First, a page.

As residents head to the polls for Super Tuesday 2016 to choose a nominee for president in 12 states, Democratic U.S. Senator Bernie Sanders is fighting to stay in the race against former Secy of State Hillary Clinton.
Folks in Vermont know their U.S. Senator likes to keep his Jewish faith on the “q.t.” and they have accepted it with equanimity.
But not so the American Jewish community at large – and that fact may now be creating a backlash at the polls, when Bernie Sanders most needs the support of The Tribe.
After his February 9 win in New Hampshire – the first Jewish candidate to win a major party presidential primary – Jews outside the country have been watching his progress closely. It was more sluggish than one might expect, given the swashbuckling performance he turned in last month.
Part of the problem is while most candidates are wide open about their personal backgrounds – they have to be for transparency’s sake – Bernie Sanders has been dismissive, almost brusque, about his own Jewish faith.
And in America, faith is very much an issue. There is still plenty of anti-Semitism, which Sanders is obviously trying to avoid, but most voters prefer some belief in the One Above. Complete secularism is not popular in the United States at election time.
After all, even on the U.S. dollar it says, “In God We Trust.”
Yet Sanders works hard to evade the issue. He does not identify himself as a Jew publicly even in the “cultural” sense. In fact, in 30 years as a politician he has totally avoided the issue, colleagues say.
He was heckled in Vermont during Operation Protective Edge in 2014, and was among the few senators who did not co-sponsor the Senate resolution supporting Israel in the war. It passed with a voice vote.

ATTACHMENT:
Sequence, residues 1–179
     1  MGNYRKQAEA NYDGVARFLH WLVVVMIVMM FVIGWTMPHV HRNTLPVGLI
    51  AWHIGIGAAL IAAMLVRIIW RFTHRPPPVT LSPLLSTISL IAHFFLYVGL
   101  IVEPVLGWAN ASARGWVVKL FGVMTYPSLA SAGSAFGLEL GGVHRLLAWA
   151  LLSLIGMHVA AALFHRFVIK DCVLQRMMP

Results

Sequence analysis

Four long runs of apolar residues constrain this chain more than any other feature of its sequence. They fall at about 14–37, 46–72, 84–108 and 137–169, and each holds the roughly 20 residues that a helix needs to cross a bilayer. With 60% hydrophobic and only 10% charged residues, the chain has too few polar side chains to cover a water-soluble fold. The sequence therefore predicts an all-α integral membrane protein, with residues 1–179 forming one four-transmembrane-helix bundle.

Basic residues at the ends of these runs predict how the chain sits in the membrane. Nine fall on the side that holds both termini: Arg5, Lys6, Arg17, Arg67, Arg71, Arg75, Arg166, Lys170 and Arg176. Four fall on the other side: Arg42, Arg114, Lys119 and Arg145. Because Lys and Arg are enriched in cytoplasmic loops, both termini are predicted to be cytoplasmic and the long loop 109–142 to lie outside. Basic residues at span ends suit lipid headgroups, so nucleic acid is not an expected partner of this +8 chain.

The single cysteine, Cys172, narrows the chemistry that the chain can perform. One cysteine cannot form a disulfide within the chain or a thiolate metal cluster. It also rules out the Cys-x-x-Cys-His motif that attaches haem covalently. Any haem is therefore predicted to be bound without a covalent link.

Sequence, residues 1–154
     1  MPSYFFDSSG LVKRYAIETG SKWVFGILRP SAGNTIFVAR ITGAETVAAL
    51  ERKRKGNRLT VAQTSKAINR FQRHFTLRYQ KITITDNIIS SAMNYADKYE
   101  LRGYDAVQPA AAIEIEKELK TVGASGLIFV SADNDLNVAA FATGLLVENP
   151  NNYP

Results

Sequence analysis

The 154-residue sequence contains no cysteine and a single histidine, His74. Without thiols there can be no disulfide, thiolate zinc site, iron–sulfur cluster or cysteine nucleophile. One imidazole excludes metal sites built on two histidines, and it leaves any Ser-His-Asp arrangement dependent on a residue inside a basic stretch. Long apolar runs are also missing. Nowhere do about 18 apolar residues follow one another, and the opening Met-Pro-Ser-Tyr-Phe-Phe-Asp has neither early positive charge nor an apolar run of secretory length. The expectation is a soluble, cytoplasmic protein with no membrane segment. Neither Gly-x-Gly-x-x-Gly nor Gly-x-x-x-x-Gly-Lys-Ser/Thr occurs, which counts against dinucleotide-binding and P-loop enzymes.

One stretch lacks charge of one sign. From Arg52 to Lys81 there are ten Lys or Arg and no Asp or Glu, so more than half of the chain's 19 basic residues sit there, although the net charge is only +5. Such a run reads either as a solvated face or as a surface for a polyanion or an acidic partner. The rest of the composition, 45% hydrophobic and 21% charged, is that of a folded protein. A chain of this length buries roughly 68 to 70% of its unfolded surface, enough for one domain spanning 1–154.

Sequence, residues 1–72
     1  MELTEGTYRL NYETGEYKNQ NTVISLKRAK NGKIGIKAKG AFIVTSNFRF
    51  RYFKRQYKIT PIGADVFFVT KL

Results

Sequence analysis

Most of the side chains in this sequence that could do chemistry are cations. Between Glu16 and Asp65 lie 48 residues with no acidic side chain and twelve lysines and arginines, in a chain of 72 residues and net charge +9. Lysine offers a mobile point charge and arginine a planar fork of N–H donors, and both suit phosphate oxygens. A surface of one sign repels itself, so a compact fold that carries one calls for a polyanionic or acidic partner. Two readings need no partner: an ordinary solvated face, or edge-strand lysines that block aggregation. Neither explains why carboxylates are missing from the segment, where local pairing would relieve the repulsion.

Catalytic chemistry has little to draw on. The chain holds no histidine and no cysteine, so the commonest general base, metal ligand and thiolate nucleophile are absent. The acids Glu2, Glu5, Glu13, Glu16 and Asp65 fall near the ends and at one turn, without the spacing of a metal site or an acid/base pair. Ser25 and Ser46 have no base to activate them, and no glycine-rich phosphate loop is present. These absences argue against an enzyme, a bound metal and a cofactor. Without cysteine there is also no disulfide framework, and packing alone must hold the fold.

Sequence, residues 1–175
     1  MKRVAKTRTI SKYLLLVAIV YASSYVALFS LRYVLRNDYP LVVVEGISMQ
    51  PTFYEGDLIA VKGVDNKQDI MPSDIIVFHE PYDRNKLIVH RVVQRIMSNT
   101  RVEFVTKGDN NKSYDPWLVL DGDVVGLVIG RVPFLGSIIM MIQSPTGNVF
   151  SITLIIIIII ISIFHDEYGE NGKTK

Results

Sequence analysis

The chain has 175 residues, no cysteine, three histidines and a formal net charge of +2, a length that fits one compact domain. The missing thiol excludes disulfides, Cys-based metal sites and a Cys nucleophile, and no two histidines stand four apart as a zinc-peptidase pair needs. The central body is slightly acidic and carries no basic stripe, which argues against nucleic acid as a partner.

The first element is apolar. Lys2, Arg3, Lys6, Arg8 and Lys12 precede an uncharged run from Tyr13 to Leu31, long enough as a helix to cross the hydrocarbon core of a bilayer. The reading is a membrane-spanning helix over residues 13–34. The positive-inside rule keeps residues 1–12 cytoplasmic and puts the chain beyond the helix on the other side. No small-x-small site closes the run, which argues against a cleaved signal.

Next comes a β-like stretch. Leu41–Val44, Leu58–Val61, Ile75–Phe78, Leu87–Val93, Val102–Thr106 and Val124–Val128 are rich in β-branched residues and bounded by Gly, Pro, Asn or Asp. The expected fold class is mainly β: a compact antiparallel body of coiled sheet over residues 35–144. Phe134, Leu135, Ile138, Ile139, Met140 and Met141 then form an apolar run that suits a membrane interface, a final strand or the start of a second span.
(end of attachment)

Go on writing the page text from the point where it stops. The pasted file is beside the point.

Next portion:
As a presidential candidate, Sanders said he consulted the far-left ‘J Street’ lobby and the Arab American Institute founded by Jim Zogby on Mideast Policy. Last year he was one of the first who announced they were skipping the historic address to Congress on Iran by Israel’s Prime Minister Benjamin Netanyahu.
Even Malcolm Hoenlein, executive vice chairman of the Conference of Presidents of Major American Jewish Organizations, is skeptical about Sanders as a candidate. “He’s never really been that identified that strongly with pro-Israel advocacy,” Hoenlein said.
Coming from Hoenlein, who is more of a centrist himself, that is a whopping red flag.
Perhaps all this is not as surprising as one might think, however, given his family background and the fact that his second wife, Jane, was raised a Roman Catholic. Sanders grew up in Brooklyn as the son of immigrants; much of his father’s family was wiped out in the Holocaust. In fact, he once told still remembers the call his father received in the middle of the night, telling him a relative had arrived at a DP (displaced person’s) camp.
From that, he told Margaret Talbot at New Yorker magazine, he learned that a 1932 election had led to the murders of 50 million people. From that, perhaps he left unsaid, he also learned early on that Jews could die when identified as Jews.
His brother Larry was quoted by PBS in an interview in England where he lives, as saying that being Jewish is “very important to us. There was no problem of debate, it was just a given in our lives, just as being Americans was a given in our lives. But Bernard is not particularly religious. He doesn’t go to synagogue often. I think he probably goes to synagogue only for weddings and funerals, rather than to pray.”